Collaboration At Scale: Keeping Retrospectives Fresh

Premise

Scrum Alliance pitch

“Retrospectives are great … except when they’re not. Without care and attention, retrospectives become stale, boring, and ineffective. And this is especially likely with distributed teams, where it is easy to put yourself on mute and start answering email instead of focusing on your team. In this Collaboration at Scale webinar, we’ll explore how you can keep retrospectives fresh, engaging, and impactful. We’ll focus especially on helping distributed teams identify the frameworks that allow them to explore different ways they can improve performance.“

Interestingly I was asked about getting feedback from the pilots and was wondering if there anything I can learn.

Scrum centric with more than 10 teams. Interactive webinar.

Presenters

Ben Linders (consulting coach) Shahzad Zafer (internal coach)

Laura Richardson (sales, management)

Conteneo is co-presenter.

Materials

Actions

  • Idea: role of external coach as external facilitator to help teams and share / spread knowledge
  • Idea: create list of exercise for retrospectives (and make sure people that people know this). See Ben
  • Linder’s site benlinders.com/exercises and /posts-retrospectives
  • retrospectivewiki.org/index.php
  • Idea: pilot retrospective (large team)

Notes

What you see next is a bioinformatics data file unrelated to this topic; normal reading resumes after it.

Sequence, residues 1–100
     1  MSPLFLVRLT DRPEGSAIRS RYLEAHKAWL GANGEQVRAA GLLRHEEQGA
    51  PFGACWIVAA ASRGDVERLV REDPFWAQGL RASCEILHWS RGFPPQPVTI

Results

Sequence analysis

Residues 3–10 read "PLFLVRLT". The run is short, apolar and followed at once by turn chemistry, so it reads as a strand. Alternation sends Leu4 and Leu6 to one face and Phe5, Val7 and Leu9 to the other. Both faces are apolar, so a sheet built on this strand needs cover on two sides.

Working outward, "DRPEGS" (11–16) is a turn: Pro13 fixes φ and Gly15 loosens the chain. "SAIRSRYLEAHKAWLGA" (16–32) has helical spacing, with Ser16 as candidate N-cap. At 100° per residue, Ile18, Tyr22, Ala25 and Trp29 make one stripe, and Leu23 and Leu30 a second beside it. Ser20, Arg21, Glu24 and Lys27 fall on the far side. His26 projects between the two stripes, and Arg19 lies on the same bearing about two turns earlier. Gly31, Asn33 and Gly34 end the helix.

From the poll questions:

Summary we do it a lot, but not always effective. Therefore need to understand:

  • Why do it?
  • Want to find ways to improve
  • Do it for the right reasons

Warning signs:

  • Doing things is not the same as getting things done – are things getting done?
  • Lack of ownership (great conversation but no clear ownership about what we are going do about it)
  • Repeated root cause (rehashing the same problem)
  • People not attending

Coaching questions to drive conversation about improving retrospectives:

  • Are you doing them?
  • Do you like doing them?
  • Are you seeing the benefits?

Why are retrospectives less than effective?

  • Overuse of the same facilitator (too much of the same perspective, same biases (especially wrt to how people work together) (one recommendation have external facilitate new teams else otherwise the internal facilitator is trying to do too much.)
  • Overuse of the same goal – try to set different goals for different times. Not just “improve” but what are you trying to improve at the moment.
  • Overuse of the same framework / technique (e.g. What went well, what can be improved, actions)

Who should attend

  • Anyone who has involvement
  • Also has benefit that in that it helps for social bonds
  • Up to facilitator to ensure safe environment

How do we keep retrospectives fresh?

The key is variation

  • Vary the goal
    • Find new technologies – what do we need to get to get in the future
    • Celebrate success – we’ve done really well – what did we learn from this
    • Share best practices
    • Mix up timing – don’t always have to do at end
    • Varying goal also could mean bringing in other stakeholders
    • Goal will you set the cadence – err on the side of more frequent than less – idea is to focus on feedback